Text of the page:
While all legal decisions have something interesting to tell us about employment law, there are those cases that lawyers keep in their back pocket to serve as a cautionary tale for clients about the potential cost of HR blunders. Ojanen v Acumen Law Corporation, a decision of the British Columbia Court of Appeal, is, without question, one of those cases. We often see appeal courts reducing damage awards on appeal, in order to bring them more in line with established case law. Ojanen is certainly an exception – in this case, the behaviour of the employer in question was so egregious that the Court of Appeal was compelled to more than triple the award granted at trial.
Ms. Ojanen was hired as an articling student by Mr. Paul Doroshenko, sole proprietor of Acumen Law, a firm specializing in driving related infractions. Her 12 month articling term commenced on May 24, 2016 and was to be interrupted by the ten-week Professional Legal Training Course (the “PLTC”). Ms. Ojanen was scheduled to commence the PLTC on September 12, 2016.
On September 9, her last day of work before starting the course, Ms. Ojanen requested and received a performance review from Mr. Doroshenko which was largely positive. However, things went downhill rapidly when, between September 10 and 14, Mr. Doroshenko discovered a website titled “B.C. Driving Prohibitions Blog”. The blog offered information regarding driving related offenses, similar to some of the content on Acumen’s own blog. In investigating the blog, Mr. Doroshenko learned that it was operated by Ms. Ojanen and her husband.
Mr. Doroshenko was incensed by this discovery; he felt that the blog threatened Acumen’s competitive position as a leading firm in the area of “driving law”. However, despite seeing Ms. Ojanen at the office on the evening of September 14 while she was returning a file, Mr. Doroshenko did not mention the blog or ask her about it.
Instead, Mr. Doroshenko terminated Ms. Ojanen’s employment, and served her with a notice of action alleging damages for breach of contract, theft, wrongful use of Acumen’s marketing materials, and trespass for entering Acumen’s premises after hours without permission. Shockingly, the termination letter and claim were served upon Ms. Ojanen while she was in class, in front of her classmates. To add insult to injury, the termination letter also informed Ms. Ojanen that her alleged misconduct had been reported to the Law Society.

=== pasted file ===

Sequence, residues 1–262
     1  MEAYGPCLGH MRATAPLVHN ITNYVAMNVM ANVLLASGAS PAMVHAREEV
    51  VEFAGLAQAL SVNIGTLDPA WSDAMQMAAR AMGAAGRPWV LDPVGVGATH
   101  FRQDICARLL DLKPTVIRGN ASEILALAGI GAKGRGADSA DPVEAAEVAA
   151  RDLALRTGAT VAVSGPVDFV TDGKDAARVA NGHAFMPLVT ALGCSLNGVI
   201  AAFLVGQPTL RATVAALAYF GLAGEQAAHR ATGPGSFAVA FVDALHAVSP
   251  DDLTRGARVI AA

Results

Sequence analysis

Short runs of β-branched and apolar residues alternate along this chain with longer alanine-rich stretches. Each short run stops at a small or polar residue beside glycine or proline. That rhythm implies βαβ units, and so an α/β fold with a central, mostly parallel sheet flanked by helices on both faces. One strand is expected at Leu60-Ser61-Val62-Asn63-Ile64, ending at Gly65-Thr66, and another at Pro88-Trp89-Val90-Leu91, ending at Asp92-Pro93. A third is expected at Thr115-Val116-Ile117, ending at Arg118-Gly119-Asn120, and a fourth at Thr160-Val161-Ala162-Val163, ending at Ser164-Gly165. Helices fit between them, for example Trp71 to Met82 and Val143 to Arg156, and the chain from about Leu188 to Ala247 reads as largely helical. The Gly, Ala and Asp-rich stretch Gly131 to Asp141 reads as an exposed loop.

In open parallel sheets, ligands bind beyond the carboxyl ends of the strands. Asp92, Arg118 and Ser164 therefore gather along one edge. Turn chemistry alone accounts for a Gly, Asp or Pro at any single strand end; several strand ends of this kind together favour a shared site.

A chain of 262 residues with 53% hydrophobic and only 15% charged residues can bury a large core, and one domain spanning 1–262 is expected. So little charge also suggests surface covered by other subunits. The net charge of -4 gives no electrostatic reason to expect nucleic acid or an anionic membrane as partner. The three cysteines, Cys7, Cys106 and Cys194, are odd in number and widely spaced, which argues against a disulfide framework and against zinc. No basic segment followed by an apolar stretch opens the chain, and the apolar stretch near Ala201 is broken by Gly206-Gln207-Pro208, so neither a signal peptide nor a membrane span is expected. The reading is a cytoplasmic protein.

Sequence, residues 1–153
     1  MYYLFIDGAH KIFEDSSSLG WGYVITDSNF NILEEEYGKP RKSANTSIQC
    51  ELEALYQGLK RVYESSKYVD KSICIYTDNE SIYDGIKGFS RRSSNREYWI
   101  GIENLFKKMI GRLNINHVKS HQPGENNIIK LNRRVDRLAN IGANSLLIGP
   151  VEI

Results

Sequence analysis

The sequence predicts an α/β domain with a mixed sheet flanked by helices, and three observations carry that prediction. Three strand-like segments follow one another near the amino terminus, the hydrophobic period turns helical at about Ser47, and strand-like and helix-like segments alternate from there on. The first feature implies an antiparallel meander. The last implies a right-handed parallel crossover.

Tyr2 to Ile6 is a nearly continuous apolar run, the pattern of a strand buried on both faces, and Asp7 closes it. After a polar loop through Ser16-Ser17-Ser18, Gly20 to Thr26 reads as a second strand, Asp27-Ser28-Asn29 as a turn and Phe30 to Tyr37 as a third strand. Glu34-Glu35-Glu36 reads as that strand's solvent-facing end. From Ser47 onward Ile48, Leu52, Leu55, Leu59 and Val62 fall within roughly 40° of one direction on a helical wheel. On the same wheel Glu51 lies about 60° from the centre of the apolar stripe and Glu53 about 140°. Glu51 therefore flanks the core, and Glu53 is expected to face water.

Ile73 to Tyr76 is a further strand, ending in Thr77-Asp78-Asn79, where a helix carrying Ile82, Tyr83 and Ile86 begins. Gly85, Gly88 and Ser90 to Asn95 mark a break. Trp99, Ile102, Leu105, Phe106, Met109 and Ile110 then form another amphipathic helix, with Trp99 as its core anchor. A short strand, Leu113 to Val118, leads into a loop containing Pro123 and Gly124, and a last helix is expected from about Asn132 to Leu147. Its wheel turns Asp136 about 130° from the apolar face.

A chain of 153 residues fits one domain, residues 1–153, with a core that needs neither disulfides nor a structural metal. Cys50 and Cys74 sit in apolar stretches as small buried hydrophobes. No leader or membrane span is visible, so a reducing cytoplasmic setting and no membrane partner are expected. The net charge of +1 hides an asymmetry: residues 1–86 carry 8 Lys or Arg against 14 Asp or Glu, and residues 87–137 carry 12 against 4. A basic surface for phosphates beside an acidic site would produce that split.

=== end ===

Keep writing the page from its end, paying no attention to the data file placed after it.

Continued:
Ms. Ojanen commenced a claim for wrongful dismissal against Acumen and Mr. Doroshenko personally. She did not complete the PLTC or obtain alternate articles, and as of the date the appeal was heard, she had not worked for a law firm since Acumen.
The trial decision
At trial, the judge dismissed Acumen’s claims against Ms. Ojanen, noting that they were simply not supported by the evidence.
In response to Ms. Ojanen’s claim for wrongful dismissal, Acumen and Mr. Doroshenko argued that she was not entitled to any damages, as her employment had been terminated for just cause. It put forth a long list of alleged incidents of misconduct, including that Ms. Ojanen had “entered into competition with Acumen by creating the Blog”. Ultimately, the judge concluded that the allegations did not constitute cause for dismissal or justify the unilateral termination of the articling agreement.
In assessing damages, the judge found that Ms. Ojanen was entitled to be put in the position that she would have occupied had she not been dismissed. She was awarded damages of $18,934 for breach of the employment contract, representing the difference between what she would have earned during her articling period, and what she was actually paid, as well as a nominal $10 for the termination of the articling agreement. Notably, the judge acknowledged that it would have been unrealistic for Ms. Ojanen to secure another articling position and mitigate her damages given that Acumen had effectively blacklisted her by reporting her to the Law Society and filing a notice of civil claim against her.